The downsides are huge, though: higher federal spending, new taxes on life-saving medical devices, a vast grant of discretionary authority to the executive branch, and subsidies designed in a way that punishes lower-middle-class people.
It didn't have to be that way. We could and should have increased coverage with a much less government-centered law.
We could have changed tax and regulatory policies to foster a national market in individually purchased insurance, while creating well-funded risk pools to cover people with pre-existing conditions. That would have cost much less and ceded less power to bureaucrats.
Obama says the law cuts "wasteful" Medicare spending. All it does is pursue strategies - tighter price controls, government-funded research on effective practices, pilot programs - that have failed for decades.
And that's the best thing Obama has done on entitlements - indeed, the only thing he has even proposed while in office.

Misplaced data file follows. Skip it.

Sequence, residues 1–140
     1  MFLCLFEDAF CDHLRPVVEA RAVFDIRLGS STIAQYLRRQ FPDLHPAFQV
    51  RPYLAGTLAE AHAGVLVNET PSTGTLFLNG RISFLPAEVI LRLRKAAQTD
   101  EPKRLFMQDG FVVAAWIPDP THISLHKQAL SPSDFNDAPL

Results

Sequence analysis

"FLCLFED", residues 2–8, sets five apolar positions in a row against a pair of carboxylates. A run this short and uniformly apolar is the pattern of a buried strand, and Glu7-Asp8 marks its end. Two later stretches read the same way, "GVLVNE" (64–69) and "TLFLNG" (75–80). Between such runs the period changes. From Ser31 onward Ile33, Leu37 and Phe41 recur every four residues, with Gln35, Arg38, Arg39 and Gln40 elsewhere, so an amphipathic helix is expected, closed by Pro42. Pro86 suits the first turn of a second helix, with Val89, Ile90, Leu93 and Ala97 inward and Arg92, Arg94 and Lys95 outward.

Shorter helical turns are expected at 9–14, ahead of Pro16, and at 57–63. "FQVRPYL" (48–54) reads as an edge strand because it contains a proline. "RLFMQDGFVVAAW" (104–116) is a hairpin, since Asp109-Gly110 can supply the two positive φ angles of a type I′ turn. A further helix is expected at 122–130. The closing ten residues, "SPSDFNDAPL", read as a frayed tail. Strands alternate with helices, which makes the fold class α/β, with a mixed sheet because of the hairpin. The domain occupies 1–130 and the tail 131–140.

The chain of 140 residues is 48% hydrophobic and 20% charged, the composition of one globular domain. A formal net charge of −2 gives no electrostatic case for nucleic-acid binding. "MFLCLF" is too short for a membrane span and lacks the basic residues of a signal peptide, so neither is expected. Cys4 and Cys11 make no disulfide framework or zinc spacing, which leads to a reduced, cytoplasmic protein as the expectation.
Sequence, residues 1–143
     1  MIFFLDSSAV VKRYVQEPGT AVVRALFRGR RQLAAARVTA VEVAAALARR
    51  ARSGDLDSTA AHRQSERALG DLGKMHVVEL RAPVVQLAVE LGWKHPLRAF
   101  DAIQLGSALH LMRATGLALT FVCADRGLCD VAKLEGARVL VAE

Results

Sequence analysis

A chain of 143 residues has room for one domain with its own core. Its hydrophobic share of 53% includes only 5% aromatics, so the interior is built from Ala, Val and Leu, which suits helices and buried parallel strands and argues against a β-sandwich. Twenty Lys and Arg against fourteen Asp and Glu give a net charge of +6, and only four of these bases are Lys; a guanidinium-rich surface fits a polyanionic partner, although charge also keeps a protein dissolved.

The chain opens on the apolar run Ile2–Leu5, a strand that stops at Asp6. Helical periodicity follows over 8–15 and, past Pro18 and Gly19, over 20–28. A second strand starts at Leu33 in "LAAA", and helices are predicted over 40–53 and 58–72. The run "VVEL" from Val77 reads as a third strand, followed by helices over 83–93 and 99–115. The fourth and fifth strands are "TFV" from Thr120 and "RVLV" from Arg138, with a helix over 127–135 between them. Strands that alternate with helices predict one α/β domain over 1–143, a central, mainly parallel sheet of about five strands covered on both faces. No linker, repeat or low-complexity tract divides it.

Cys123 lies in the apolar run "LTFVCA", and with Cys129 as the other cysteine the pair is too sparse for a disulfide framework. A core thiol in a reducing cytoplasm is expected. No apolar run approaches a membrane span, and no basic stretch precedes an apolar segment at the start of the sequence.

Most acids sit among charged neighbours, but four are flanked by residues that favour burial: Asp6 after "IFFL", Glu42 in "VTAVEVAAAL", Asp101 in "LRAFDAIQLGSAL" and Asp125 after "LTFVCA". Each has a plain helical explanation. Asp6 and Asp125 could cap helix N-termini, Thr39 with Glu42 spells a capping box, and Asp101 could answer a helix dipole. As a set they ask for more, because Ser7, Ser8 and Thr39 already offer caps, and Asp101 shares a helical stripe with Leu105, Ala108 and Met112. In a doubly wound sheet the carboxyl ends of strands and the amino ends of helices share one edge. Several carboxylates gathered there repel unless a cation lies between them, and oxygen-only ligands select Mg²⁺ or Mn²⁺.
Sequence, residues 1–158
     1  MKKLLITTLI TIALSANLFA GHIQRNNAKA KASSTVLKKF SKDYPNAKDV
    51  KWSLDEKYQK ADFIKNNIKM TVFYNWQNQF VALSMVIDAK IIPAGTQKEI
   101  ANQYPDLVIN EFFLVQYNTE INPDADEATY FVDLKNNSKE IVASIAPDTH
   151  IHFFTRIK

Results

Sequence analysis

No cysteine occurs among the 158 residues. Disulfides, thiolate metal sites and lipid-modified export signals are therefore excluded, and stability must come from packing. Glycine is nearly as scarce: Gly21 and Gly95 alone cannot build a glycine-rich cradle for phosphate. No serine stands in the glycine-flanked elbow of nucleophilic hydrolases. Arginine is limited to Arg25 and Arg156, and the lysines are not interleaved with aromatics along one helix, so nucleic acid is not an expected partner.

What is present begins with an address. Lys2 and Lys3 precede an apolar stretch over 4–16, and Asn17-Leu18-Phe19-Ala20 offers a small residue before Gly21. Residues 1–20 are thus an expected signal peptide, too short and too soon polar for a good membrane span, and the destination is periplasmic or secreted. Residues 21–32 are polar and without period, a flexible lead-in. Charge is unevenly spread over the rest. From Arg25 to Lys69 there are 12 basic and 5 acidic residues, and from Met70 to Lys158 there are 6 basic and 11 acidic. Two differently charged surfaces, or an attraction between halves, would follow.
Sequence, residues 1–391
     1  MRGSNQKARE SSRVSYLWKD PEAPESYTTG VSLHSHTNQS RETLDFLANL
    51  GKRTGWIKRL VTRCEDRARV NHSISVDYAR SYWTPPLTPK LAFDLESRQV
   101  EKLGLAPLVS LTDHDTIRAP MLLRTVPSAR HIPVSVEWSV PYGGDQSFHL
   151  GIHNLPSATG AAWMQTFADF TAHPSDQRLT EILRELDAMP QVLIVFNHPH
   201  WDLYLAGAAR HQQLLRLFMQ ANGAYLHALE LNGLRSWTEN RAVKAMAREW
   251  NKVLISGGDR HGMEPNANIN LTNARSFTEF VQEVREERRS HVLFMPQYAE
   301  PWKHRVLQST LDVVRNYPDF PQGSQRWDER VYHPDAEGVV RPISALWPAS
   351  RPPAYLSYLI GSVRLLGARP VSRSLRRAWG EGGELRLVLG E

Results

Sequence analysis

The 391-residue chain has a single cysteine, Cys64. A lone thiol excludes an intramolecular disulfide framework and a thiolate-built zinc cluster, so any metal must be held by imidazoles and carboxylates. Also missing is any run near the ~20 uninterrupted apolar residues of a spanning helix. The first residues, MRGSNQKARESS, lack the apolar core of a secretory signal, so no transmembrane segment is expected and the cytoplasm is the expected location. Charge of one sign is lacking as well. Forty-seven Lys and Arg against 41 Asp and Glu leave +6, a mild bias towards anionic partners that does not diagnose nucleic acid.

He has been trashing promising ideas such as improving Medicare's efficiency by letting insurers compete for beneficiaries' dollars. Many Democrats have supported that approach.
Paul Ryan's proposal for addressing the country's debt challenge has its flaws. But to attack it while advancing no alternative is to abdicate leadership.
These aren't the only reasons to oppose Obama's re-election. There is also his pattern of rewriting laws to suit his preferences when Congress doesn't oblige him - something he has done on immigration, welfare and health care.
Then there are his positions on abortion and the courts, which many people abhor.
His conviction that his mere presence in the Oval Office would alter the conduct of other countries to America's benefit now seems like vanity rather than a sound foreign policy.
It's remarkable to watch a president run for re-election without discussing his plans or the elements of his record.
The stimulus and the health care bill are two of Obama's most consequential policies, and Americans could be paying for them for a very long time.
They are only footnotes to Obama's campaign.
They ought to be his political epitaph.
Ponnuru, a senior editor at National Review, is a Bloomberg View columnist.